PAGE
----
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Tuesday, December 10, 2019 12 Kislev 5780





LIVING WITH
THE TIMES

The first Lubavitch/Chabad Rebbe, Rabbi Schneur Zalman of Liadi, author of the Tanya and Code of Jewish Law, once remarked that a Jew must "live with the times." His son explained the meaning: A Jew must live with the Torah portion of the week - i.e., he must assimilate the lessons of the weekly Torah portion

B"H

 
 
Jewish Pride
 
 
 
 
 
 
 
 
 
 
This week’s Torah portion, Vayishlach, discusses the confrontation between Jacob and Esav. Esav embodied many elements, both negative and positive, and Jacob’s job was to take all the holiness and leave the rest with Esav. This is the reason why Jacob sent so many presents to Esav. These gifts contained no holiness, and therefore Jacob felt no connection with them. That these items should go to Esav was part of the refinement process.
 
 
 
 
 
Rashi in his commentary says that when Jacob met Esav, he sent a message: Im Lavan garti, “I dwelt with Lavan.” Rashi explains that garti in Hebrew consists of the same letters as Taryag, referring to the 613 mitzvos; thus, Jacob’s message to Esav was that he observed the 613 mitzvos while in Lavan’s house. The Rebbe asks: What was the significance in telling Esav, who was certainly not interested in Torah and mitzvos, about Jacob’s good deeds? The Rebbe explains that a Jew has to stand for his principles with great pride. One should neither be embarrassed nor try to speak on what he thinks are the gentile’s terms – because he won’t be believed anyway. Rather, one should speak with the strength of inner conviction. If we are not apologetic, then the non-Jews will respect us. But if we either try to hide our Jewishness or compromise on our beliefs, then the gentiles will lose respect for us. When we demonstrate loyalty to G-d, we show that we are trustworthy in general.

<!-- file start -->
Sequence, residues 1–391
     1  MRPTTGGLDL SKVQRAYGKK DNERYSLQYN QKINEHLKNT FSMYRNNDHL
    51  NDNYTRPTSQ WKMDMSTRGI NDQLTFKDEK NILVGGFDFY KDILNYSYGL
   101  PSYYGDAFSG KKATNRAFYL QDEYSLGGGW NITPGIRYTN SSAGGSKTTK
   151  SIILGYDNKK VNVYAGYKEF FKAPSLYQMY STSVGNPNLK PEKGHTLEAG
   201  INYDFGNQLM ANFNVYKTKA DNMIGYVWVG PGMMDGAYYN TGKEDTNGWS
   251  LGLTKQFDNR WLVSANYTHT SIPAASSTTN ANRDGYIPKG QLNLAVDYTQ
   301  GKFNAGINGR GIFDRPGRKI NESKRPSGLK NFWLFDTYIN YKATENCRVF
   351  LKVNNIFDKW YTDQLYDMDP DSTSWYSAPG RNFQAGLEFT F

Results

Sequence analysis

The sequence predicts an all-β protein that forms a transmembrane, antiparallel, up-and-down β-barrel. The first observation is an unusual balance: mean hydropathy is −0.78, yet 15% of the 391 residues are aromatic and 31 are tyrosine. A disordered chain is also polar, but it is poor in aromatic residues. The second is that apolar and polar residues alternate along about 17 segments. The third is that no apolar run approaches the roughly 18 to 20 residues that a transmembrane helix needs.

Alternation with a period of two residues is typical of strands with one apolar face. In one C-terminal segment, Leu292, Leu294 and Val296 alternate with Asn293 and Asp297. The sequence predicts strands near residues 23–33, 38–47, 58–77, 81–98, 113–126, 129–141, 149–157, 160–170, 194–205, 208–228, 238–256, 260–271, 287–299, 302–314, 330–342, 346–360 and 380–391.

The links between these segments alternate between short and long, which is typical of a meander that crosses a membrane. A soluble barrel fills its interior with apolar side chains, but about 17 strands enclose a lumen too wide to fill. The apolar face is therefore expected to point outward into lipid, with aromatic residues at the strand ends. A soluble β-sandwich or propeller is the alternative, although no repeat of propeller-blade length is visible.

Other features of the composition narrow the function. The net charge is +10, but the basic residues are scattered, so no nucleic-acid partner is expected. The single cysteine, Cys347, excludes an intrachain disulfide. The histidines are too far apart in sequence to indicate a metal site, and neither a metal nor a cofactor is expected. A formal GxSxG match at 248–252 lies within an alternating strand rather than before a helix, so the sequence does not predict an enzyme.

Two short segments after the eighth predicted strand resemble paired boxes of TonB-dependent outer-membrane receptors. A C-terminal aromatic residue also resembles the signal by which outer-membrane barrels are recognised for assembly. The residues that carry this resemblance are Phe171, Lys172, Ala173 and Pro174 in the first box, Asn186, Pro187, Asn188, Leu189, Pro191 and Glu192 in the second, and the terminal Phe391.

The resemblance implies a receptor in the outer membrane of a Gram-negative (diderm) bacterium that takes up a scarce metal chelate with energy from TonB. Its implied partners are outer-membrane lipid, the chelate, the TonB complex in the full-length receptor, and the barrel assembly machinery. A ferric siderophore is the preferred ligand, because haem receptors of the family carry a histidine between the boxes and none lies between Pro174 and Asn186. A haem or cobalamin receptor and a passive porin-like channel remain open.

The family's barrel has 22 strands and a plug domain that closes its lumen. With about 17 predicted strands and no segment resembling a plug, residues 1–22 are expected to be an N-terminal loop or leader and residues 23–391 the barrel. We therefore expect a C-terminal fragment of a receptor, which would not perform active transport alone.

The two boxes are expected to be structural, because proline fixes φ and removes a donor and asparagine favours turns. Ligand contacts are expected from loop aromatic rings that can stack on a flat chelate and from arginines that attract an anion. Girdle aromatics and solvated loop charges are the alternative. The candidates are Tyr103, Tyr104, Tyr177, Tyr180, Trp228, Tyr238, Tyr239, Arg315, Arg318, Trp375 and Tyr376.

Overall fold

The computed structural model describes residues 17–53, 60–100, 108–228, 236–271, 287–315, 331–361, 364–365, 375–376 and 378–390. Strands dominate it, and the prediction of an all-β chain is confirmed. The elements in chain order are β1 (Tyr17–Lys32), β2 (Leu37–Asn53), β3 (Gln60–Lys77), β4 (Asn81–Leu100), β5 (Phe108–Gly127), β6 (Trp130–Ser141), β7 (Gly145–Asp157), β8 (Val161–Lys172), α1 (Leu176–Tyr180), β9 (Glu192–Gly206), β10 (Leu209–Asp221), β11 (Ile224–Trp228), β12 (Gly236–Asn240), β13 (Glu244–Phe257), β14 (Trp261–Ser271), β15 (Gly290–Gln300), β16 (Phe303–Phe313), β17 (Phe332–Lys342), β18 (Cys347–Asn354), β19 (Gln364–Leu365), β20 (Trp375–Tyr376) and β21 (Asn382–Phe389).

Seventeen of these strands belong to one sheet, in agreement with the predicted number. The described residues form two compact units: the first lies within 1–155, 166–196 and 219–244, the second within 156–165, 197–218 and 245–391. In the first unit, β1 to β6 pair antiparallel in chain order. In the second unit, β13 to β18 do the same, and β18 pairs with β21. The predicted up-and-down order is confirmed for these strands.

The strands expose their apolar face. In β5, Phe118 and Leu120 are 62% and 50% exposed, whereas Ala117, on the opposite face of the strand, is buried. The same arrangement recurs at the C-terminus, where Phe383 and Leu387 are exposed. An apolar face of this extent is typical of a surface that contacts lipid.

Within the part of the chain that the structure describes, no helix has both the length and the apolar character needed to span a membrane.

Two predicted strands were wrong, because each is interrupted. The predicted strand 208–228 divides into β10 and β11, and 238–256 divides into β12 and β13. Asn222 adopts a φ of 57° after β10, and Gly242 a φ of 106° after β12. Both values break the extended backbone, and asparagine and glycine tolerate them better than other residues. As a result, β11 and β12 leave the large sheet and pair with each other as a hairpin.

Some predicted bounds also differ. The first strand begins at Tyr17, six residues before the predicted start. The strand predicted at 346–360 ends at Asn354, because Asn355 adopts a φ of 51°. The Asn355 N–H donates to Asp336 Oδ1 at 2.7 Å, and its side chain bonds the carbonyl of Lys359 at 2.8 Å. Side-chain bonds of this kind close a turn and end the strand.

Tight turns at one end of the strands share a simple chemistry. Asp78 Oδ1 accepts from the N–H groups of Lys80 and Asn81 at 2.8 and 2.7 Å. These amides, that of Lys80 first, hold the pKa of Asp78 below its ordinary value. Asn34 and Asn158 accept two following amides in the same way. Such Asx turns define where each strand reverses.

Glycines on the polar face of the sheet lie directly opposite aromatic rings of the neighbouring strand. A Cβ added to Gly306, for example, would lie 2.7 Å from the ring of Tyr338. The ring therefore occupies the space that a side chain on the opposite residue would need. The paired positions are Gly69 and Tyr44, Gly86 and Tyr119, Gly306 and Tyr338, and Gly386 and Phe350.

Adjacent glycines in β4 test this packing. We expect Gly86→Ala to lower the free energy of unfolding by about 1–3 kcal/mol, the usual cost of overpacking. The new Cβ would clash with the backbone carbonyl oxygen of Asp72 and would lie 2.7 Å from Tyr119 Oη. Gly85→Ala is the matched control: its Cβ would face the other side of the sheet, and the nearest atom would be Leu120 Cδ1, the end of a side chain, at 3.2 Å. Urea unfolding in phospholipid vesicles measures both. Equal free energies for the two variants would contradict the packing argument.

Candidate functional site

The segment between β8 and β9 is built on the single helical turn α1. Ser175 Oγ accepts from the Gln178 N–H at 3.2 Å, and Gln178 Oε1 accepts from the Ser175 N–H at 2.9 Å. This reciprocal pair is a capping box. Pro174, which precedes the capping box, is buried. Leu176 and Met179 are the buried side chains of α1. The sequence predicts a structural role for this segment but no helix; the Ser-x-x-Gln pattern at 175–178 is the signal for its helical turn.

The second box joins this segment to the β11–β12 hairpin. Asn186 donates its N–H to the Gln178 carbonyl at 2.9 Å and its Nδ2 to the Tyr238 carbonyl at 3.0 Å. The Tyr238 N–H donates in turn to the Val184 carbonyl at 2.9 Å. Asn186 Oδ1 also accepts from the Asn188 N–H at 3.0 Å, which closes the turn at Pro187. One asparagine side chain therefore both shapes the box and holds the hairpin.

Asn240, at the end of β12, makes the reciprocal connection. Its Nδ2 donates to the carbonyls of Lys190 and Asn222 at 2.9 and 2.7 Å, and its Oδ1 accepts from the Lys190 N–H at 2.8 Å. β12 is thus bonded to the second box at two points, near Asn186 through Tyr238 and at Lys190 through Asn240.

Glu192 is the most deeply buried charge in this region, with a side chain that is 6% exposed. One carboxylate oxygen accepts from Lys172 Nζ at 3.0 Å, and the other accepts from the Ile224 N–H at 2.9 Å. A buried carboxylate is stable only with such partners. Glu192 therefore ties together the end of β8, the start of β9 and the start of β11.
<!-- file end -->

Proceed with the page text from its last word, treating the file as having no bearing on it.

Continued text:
Furthermore, after Jacob received their father’s blessings, Esav was told by Isaac that Jacob would retain his blessing as long as his children remained loyal to Torah. If Jacob would stumble, however, then Esav would receive his blessing. According to Rashi, Jacob wanted to appease Esav, to show him that although Jacob had received the blessing, Esav had become wealthy while Jacob was poor. 
 
 
 
 
 
 The question is why Jacob would speak to Esav in a manner that implies that he’s complaining that G-d didn’t do enough for him. In truth, Jacob was giving Esav an entirely different message. Esav’s whole life was geared toward immediate gratification and he received his blessing from Yitzchak in that mode. Jacob, in contrast, had more interest in the future. Jacob pointed out Esav’s success in contrast to his own life, since he had been a stranger, far from home, a lad. Moreover, Jacob would have yet to go into exile for many years before his family would be granted his blessings and the promise of Israel in the future.
 
 
 
 
 
 Jacob’s orientation toward the future, and Esav’s focus on this world alone, were even expressed in the way they talked about their families. Jacob mentioned his children first and then his wives, whereas Esav mentioned his wife before his children. Wives represent happiness in the immediate present; children represent the future – the Jewish people, the World to Come, the Messianic Era. Even in their most mundane conversation, each brother revealed his most dearly-held values.

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